One of the notable changes in the American economy over the last couple of decades has been the virtual disappearance of the steady 40-year career with one employer. It has been replaced with a culture where workers move from job to job, sometimes combining multiple part-time gigs to stitch together a required income. This new workforce reality is a challenge for financial advisors to navigate because it leaves in its wake a significant amount of “income volatility” that must be managed for clients.
A new report from the Center for Financial Services Innovation (CFSI), a non-profit group that aims to increase the quality of financial products in the marketplace, found that 48% of Americans have expenses that are equal to or greater than their income, causing them a significant amount of financial stress.
This income volatility makes it difficult for pre-retirees to plan and budget, but it also raises stress and anxiety on those clients who have exited the full-time workforce altogether. For seniors, it can mean an exacerbation of physical health issues, as research proves that higher financial stress levels have worrisome health implications. For financial advisors, it creates the dual challenge of providing their clients with sound retirement funding counsel and also helping them to manage their emotional stress.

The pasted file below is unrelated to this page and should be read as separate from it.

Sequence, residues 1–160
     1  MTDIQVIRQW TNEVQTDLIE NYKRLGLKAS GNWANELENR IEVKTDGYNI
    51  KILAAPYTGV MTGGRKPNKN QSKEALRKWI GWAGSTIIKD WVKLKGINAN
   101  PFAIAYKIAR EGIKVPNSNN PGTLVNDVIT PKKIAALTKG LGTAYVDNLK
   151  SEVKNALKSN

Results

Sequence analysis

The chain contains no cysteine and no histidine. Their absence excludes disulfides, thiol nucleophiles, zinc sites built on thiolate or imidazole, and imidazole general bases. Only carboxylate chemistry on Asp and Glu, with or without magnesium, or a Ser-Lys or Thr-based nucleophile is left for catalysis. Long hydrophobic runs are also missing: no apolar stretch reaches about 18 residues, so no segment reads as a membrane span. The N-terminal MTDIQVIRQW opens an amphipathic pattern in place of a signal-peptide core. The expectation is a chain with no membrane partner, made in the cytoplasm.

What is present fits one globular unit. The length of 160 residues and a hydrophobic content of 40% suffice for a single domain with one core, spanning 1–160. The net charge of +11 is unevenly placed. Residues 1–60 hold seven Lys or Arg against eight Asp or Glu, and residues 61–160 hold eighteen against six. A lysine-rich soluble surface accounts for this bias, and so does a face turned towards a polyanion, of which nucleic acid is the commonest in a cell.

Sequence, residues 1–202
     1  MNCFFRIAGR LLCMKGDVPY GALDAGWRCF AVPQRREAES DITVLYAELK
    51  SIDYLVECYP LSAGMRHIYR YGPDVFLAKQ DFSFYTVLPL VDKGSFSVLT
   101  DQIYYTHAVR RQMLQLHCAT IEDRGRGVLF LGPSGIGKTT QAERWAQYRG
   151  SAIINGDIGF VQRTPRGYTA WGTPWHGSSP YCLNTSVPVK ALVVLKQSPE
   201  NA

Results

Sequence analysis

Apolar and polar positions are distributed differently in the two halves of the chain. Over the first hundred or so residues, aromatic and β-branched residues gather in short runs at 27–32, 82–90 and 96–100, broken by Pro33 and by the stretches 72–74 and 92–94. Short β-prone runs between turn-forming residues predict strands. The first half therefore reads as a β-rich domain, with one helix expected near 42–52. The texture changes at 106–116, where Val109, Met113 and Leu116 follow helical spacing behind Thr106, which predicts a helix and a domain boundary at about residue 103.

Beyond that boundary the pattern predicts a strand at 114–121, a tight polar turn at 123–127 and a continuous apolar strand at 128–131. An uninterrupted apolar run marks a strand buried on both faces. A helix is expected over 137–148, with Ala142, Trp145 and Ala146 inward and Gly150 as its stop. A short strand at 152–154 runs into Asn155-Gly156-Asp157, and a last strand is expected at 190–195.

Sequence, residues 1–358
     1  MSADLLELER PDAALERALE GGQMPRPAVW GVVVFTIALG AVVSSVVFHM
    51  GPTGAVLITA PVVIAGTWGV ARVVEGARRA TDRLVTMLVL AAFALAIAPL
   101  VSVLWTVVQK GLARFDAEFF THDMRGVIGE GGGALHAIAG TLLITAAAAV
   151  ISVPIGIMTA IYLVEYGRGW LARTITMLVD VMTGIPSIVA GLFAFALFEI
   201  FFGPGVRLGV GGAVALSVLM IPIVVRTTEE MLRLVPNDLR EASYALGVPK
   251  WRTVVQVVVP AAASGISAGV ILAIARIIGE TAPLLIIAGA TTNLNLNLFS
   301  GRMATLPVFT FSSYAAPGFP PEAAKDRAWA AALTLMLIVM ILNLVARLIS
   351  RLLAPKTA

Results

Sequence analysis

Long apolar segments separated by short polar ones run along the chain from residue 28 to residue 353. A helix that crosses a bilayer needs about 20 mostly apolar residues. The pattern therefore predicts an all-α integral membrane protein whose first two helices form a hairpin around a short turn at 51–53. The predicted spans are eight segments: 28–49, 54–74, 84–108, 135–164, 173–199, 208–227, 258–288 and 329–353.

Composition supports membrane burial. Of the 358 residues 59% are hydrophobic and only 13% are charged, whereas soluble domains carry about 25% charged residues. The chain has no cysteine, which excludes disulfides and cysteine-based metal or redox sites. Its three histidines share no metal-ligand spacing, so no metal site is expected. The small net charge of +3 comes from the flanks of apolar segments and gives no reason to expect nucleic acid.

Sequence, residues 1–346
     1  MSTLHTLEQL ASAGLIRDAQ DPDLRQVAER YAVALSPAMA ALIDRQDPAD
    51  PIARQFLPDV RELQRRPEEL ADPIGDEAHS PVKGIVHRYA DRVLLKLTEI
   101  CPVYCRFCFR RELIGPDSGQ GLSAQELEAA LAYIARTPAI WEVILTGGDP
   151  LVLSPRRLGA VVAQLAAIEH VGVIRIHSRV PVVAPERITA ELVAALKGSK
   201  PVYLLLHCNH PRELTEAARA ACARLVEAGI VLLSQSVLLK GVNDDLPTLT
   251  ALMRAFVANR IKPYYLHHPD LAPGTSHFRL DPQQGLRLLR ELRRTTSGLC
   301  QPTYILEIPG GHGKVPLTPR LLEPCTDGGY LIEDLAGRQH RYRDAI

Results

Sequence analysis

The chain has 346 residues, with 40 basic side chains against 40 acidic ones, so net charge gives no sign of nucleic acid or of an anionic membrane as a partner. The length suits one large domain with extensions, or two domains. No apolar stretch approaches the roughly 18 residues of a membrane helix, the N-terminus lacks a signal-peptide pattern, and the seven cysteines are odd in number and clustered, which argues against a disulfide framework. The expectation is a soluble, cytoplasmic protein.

Unfortunately, many retirement planning experts and industry think tanks tend to focus on mutual funds and other conventional investing products as strategies for dealing with these income volatility challenges – while there is a powerful retirement planning asset often sitting right under their noses.
Life insurance is one of the most poorly understood retirement assets in most seniors’ portfolios. As ThinkAdvisor readers know, life insurance is personal property, so your clients can sell it just like any other property or security they own. The buyer of the policy gives your client a lump-sum cash payment, takes over all future premiums on the policy and then receives the death benefit when your client passes away – a transaction that enables your client to obtain roughly five to seven times the amount of the policy’s cash surrender value, according to the Life Insurance Settlement Association.